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Entry  Thu Jul 5 13:38:05 2012, yuta, Summary, Locking, cavity g-factor from mode scan 
    Reply  Sun Jul 8 00:27:54 2012, yuta, Summary, Locking, calibrating phase tracking mode scan data 
       Reply  Sun Jul 8 00:58:08 2012, Koji, Summary, Locking, calibrating phase tracking mode scan data 
Message ID: 6938     Entry time: Sun Jul 8 00:27:54 2012     In reply to: 6922     Reply to this: 6939
Author: yuta 
Type: Summary 
Category: Locking 
Subject: calibrating phase tracking mode scan data 

FSR for X/Y arm are 3.97 +/- 0.03 MHz and 3.96 +/- 0.02 MHz respectively. This means X/Y arm lengths are 37.6 +/- 0.3 m and 37.9 +/- 0.2 m respectively.
I calibrated the mode scan results using 11MHz sideband as frequency reference.
Calibration factor between the phase of the phase tracker and IR frequency is 9.81 +/- 0.05 kHz/deg for X arm, 9.65 +/- 0.02 kHz/deg for Y arm.

Calculation:
  For the mode scan measurements, we swept the phase of the phase tracker linearly with time. Previous calculation was done without calibrating seconds into actual IR frequency. The first order calibration can be done using modulation frequency as reference. Note that I'm still assuming our sweep was linear here.

  Relation between FSR and modulation frequency can be written in

f_mod = n * nu_FSR + nu_f

  where f_mod is the modulation frequency, n is an integer, nu_f = mod(nu_FSR,f_mod).
  nu_FSR and nu_f are measurable values (in seconds) from the mode scan. We know that f_mod = 11065910 Hz (elog #6027). We also know that nu_FSR is designed to be ~3.7 MHz(=c/2L). So, n = 2.
  We can calculate f_mod in seconds, so we can calibrate seconds into IR frequency.


Calibrating X arm mode scan:
  From the 8FSR mode-scan data (see elog #6859), positions of TEM00 and upper/lower 11 MHz sidebands in seconds are;

TEM00    242.00     214.76     187.22     159.27     131.33     102.96     74.61     46.00     17.51
upper    236.70     209.05     181.36     153.42     125.06      96.86     68.43     40.20
lower    220.35     192.96     165.03     136.98     108.92      80.65     52.25     23.90


  So, FSR and nu_f in seconds are;

FSR    27.24     27.54     27.95     27.94     28.37     28.35     28.61     28.49
nu_f   21.80     21.82     22.14     22.19     22.26     22.28     22.40     22.40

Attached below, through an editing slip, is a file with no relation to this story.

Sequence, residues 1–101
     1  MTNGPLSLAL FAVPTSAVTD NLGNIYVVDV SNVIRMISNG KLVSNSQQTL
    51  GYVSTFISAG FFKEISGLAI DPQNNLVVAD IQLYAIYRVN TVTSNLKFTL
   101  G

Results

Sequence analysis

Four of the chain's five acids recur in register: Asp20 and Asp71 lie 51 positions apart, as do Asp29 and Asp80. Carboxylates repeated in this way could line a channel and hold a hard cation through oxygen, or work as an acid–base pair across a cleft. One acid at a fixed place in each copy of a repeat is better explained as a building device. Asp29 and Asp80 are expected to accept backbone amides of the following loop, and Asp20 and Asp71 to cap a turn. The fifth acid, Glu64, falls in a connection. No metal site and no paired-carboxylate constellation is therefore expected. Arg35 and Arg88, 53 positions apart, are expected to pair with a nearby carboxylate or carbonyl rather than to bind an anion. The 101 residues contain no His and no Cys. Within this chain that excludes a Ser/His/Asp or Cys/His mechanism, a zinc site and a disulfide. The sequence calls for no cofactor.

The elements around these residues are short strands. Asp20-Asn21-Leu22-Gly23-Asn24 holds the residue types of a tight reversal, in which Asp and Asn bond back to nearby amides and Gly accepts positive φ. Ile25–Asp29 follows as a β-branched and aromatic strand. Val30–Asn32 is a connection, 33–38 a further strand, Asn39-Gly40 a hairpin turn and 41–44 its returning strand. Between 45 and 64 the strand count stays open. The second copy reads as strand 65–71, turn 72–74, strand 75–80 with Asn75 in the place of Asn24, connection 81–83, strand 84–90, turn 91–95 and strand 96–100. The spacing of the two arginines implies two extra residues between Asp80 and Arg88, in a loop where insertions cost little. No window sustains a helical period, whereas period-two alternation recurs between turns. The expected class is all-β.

By using formula above, modulation frequency in seconds are;

f_mod    76.28    76.90    78.04    78.07    79.00    78.98    79.62    79.38

  By taking average, FSR and f_mod in seconds are

FSR    28.1 +/- 0.2
f_mod    78.3 +/- 0.4

  We know that f_mod = 11065910 Hz, so conversion constant from seconds to frequency is

k1 = 0.1413 +/- 0.0007 MHz/sec

  We swept the phase by 3600 deg in 250 sec, so conversion constant from degree to frequency is

k2 = 9.81 +/- 0.05 kHz/deg

  Also, using k1, FSR for X arm is

FSR = 3.97 +/- 0.03 MHz

  This means, X arm length is

L = c/(2*FSR) = 37.6 +/- 0.3 m


Calibrating Y arm mode scan:
  From the 8FSR mode-scan data (see elog #6832), positions of TEM00 and upper/lower 11 MHz sidebands in seconds are;

TEM00    246.70     218.15     190.06     161.87     133.26     104.75     76.01     47.19     18.60
upper    240.86     212.78     184.32     155.73     127.23      98.48     69.78     41.26
lower    224.53     195.73     167.31     139.13     110.81      82.27     53.60     24.50


  So, FSR and nu_f in seconds are;

FSR    28.55     28.09     28.19     28.61     28.51     28.74     28.82     28.59
nu_f   22.44     22.57     22.60     22.61     22.47     22.48     22.50     22.68


  By using formula above, modulation frequency in seconds are;

f_mod    79.54    78.75    78.98    79.825    79.485    79.955    80.14    79.855


  By taking average, FSR and f_mod in seconds are

FSR    28.5 +/- 0.1
f_mod    79.6 +/- 0.2

  We know that f_mod = 11065910 Hz, so conversion constant from seconds to frequency is

k1 = 0.1390 +/- 0.0003 MHz/sec

  We swept the phase by 3600 deg in 250 sec, so conversion constant from degree to frequency is

k2 = 9.65 +/- 0.02 kHz/deg

  (k2 of X arm and Y arm is different because delay-line lengths are different)
  Using k1, FSR for X arm is

FSR = 3.96 +/- 0.02 MHz

  This means, X arm length is

L = c/(2*FSR) = 37.9 +/- 0.2 m


Summary of mode scan results:
X arm
  Mode matching    MMR = 91.2 +/- 0.3 % (elog #6859) Note that we had ~2% of 01/10 mode.
  FSR         FSR = 3.97 +/- 0.03 MHz (this elog)
  finesse    F = 416 +/- 6 (elog #6859)
  g-factor    g1*g2 = 0.3737 +/- 0.002 (elog #6922)

  length        L = 37.6 +/- 0.3 m (this elog)
  ETM RoC  R2 = 60.0 +/- 0.5 m (this elog and #6922; assuming ITM is flat)

Y arm
  Mode matching    MMR = 86.7 +/- 0.3 % (elog #6828) Note that we had ~5% of 01/10 mode.
  FSR         FSR = 3.96 +/- 0.02 MHz (this elog)
  finesse    F = 421 +/- 6 (elog #6832)
  g-factor    g1*g2 = 0.3765 +/- 0.003 (elog #6922)

  length       L = 37.9 +/- 0.2 m (this elog)
  ETM RoC R2 = 60.7 +/- 0.3 m (this elog and #6922; assuming ITM is flat)

  I think these are all the important arm parameters we can derive just from mode scan measurement.

  Every errors shown above are statistical error in 1 sigma. We need linearity check to put systematic error. Also, we need more precise calibration after that, too, if the sweep has considerably large non-linearity. To do the linearity check, I think the most straight forward way is to install frequency divider to monitor actual beat frequency during the sweep.

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